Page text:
I-9 Form Technical and Substantive Violations
I-9 Form: What are Technical and Substantive Violations?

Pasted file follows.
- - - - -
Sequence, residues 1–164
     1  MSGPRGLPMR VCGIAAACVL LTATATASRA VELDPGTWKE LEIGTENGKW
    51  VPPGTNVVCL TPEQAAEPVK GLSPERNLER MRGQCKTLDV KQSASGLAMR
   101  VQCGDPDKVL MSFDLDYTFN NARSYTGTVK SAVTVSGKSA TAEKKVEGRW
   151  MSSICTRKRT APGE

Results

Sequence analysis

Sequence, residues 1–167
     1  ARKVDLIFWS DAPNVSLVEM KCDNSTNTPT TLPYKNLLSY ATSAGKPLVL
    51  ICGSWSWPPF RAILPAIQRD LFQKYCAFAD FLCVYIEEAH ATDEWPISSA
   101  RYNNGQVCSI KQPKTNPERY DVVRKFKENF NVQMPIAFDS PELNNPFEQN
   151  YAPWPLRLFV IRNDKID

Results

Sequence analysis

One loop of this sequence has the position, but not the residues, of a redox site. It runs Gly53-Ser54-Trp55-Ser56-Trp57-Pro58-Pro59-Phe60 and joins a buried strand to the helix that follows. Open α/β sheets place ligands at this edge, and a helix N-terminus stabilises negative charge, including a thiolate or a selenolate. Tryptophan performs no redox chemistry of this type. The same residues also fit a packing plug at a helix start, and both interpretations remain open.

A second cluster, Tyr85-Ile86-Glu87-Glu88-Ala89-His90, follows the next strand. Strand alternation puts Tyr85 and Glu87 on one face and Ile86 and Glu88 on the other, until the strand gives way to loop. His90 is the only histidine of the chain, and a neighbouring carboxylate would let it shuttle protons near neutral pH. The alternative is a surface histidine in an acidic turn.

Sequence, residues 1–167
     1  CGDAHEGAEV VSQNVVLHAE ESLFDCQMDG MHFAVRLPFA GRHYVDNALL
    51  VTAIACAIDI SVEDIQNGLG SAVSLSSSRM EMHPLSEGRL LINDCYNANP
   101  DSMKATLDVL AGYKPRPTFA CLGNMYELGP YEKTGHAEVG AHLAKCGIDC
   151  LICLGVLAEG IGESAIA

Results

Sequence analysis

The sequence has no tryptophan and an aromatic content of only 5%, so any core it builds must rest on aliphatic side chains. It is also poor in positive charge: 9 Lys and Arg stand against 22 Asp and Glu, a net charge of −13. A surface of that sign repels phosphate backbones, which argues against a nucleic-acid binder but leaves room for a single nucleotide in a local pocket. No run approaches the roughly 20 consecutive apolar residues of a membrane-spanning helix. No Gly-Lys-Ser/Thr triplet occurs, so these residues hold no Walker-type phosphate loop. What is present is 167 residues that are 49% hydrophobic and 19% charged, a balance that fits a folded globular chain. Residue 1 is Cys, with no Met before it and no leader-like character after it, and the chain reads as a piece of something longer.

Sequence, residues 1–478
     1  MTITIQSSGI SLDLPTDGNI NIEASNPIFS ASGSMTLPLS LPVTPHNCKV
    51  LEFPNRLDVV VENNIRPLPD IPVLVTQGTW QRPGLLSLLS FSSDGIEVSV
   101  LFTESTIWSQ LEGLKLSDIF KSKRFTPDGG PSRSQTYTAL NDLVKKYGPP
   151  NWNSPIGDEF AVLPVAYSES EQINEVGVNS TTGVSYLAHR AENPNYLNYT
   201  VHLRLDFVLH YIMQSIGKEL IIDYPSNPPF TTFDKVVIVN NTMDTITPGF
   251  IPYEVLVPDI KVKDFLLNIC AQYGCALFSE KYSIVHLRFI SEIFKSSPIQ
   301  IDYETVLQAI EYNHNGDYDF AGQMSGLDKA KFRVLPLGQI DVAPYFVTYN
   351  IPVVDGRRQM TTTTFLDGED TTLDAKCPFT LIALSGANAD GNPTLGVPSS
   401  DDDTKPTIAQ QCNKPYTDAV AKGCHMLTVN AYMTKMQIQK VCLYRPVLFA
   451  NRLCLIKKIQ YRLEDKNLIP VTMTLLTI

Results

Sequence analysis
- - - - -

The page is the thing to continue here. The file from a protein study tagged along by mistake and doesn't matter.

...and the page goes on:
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What are Technical and Substantive Form I-9 Violations? Technical Violations Technical Violations are procedural. An employer is provided with at least 10 business days to correct technical violations after notification of such violations. If the employer corrects the violations within the designated time period, it is normally deemed to have complied with the requirements. If the technical violations cannot be reasonably corrected, the employer should provide ICE with an explanation in writing of why the violations reasonably cannot be corrected. If ICE determines the explanation is reasonable, the technical violation will not be considered a violation subject to a Notice of Intent to Fine (NIF). Examples of Technical Violations are: Use of the Spanish version of the I-9 form, except in Puerto Rico Failure to ensure an individual in Section 1 provides a name that reasonably relates to them and the documents being presented, their address or birth date Failure to ensure an LPR or alien authorized to work provides an alien number (“A” number) in Section 1, but only if the “A” number is provided in Sections 2 or 3 of the form (or on a legible copy of a document retained with the I-9 Form and presented at the I-9 inspection) Failure to ensure the individual dates Section 1 Failure to ensure a preparer and/or translator provide his or her name, address, signature & date Failure to provide the document title, identification number(s) and/or expiration date(s) of a proper List A document or a proper List B + List C document in Section 2 and 3, but only if a legible copy of the document(s) is retained with the I-9 and presented at the I-9 inspection Failure to provide the title, business name and address in Section 2 Failure to state “Individual under age 18” in Column B for employees under the age of 18 using only a List C document Failure to provide the date of rehire in Section 3 Substantive Violations Substantive violations can result in civil money penalties ranging from $110 for a minimum first offense penalty per form to $1,100. According to ICE, the test of whether a verification violation is either technical or substantive lies in the seriousness of the error and whether or not it could have led to the hiring of an authorized alien. In the guidance, ICE has identified numerous I-9 form violations that it finds substantive. There is no "good faith" defense and these violations will not be forgiven. ICE issues an Application for Notice of Intent to Fine (I-761 Form), for violations; such as: Knowingly hiring or continuing to employ unauthorized aliens Failure to timely prepare or present the Form I-9 Failure to complete Section 2 of the form in three (3) business days Failure to ensure that the employee checks one of the attestation boxes in Section 1 of the I-9 form indicating their immigration status Failure to provide the date employment begins in the attestation portion of Section 2 of the Form I-9. Failure to date Section 2 of the Form I-9 Failure to sign Section 3 of the Form I-9. Failure to timely correct technical paperwork violations Engaging in fraud in completing Form I-9 Continuing to produce violations after previously receiving a Warning Notice or Notice of Intent to Fine (NIF) Further Reference ICE I-9 Inspection Process Chart http://www.i-9audits.com/resources/i-9-inspection-process.pdf